We’re right on schedule with that. We’ve received full funding from the Cox Foundation and in 2007 we are going to name an endowed chair at the university. One of the things about this program that is unique is that they’ll be studying customer care issues across all business, not just cable. Then we’ll take the experience we get from teaching to DU students and put those applications right into the cable business to help the cable business.
We’re trying to expand our oral histories in the next year. I’ve talked to a number of people, like Kathy Johnson [executive vice president of NAMIC], about expanding that program. We’re also trying to do exhibits here. That’s bringing us back to the original mission. We have a technology exhibit that will be up for The Hall of Fame, really a sneak peek. It’s not only technology in the home right, but it looks 18 months down the road. We have four major vendors and Comcast coming in to put this thing together.
What can NAMIC do for the oral history project?
When we surveyed who has an oral history and who doesn’t, it seemed to me we could be doing a better job with people of color. [BET chairman and CEO] Debra Lee, for instance, doesn’t have an oral history. Talk about a story that would inspire and be interesting to students.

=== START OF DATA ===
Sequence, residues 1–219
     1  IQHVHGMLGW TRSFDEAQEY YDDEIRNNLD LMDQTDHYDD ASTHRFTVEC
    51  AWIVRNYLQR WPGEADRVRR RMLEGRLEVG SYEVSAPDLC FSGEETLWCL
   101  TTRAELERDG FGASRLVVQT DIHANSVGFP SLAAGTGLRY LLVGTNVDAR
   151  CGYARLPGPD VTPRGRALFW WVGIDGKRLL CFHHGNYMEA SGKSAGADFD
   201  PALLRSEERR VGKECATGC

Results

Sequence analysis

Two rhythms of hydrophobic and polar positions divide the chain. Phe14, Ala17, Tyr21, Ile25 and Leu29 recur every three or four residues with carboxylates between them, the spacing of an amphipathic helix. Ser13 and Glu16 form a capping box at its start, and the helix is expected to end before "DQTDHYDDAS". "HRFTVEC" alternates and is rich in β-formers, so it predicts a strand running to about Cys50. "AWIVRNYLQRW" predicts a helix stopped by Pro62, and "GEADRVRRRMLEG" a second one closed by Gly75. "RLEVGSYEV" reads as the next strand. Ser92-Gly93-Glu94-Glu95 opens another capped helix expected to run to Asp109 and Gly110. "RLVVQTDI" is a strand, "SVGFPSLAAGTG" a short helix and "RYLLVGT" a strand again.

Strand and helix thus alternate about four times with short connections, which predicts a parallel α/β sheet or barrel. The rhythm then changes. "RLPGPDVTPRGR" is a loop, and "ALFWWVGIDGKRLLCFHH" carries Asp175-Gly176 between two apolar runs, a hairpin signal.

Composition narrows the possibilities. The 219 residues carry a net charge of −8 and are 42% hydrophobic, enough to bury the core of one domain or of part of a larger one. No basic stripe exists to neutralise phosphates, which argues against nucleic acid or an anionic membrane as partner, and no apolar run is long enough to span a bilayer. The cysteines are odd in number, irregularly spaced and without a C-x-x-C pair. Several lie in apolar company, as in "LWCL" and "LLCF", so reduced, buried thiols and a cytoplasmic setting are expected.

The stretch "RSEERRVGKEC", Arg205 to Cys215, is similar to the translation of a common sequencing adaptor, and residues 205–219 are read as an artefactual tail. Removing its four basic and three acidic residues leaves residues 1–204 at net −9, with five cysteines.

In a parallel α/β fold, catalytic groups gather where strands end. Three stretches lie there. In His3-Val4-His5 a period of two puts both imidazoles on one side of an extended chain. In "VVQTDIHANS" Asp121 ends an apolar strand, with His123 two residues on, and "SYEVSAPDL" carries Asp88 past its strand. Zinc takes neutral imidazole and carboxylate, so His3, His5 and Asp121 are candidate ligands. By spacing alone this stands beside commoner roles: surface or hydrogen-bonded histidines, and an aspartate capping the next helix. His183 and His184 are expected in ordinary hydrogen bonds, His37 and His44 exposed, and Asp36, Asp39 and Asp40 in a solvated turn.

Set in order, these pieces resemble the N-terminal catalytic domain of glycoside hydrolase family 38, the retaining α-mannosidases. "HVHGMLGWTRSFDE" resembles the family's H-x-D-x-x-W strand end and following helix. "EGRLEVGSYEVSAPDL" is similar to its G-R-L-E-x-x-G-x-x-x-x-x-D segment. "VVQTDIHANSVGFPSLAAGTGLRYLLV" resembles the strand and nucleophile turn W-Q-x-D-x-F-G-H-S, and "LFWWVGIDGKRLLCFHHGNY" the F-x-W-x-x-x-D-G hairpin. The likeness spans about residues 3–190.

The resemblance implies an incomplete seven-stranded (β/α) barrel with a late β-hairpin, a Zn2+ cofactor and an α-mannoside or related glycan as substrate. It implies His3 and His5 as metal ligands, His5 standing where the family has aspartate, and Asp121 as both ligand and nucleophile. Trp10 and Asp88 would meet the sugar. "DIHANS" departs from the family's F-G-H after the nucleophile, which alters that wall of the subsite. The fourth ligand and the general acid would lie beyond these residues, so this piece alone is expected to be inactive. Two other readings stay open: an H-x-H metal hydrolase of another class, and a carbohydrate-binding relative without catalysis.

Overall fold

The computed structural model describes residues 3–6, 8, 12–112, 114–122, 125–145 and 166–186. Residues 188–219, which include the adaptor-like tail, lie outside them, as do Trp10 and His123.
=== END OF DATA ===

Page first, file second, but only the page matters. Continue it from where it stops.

And you’re reaching out to other nonprofit heads?
Yes. I’m talking with [Cable Positive president and CEO] Steve Villano, John Clark [president and CEO] at SCTE and Char Beales [president and CEO] at CTAM. Obviously what we’re trying to do is find common ground, places we can work together, leverage our resources to get a better overall result for the entire cable industry.
Sounds like a major thrust of The Center is education, particularly higher education.
Yes, it’s right in the new mission statement. We’re talking with [Dr.] Helen Soule [executive director] at Cable in the Classroom and trying to coordinate our efforts and not duplicate.
Are you feeling better about The Cable Center’s position today versus this time last year?
Absolutely. We have a strategic plan, a more focused mission. We’re not all over the board like we used to be. We had a lot of little things we were trying to do. Now we’re focused on four or five major programs where we can make an impact. The budget is balanced, the internals are much more disciplined. As far as being a business, we are operating very efficiently as a business. I think when the board sees [on Oct. 11] what we’ve done here they’ll be pretty amazed.
What about rebranding to The Cable Center for Higher Education?
That’s something we talk about, but at the moment we’re going to stay with the current name.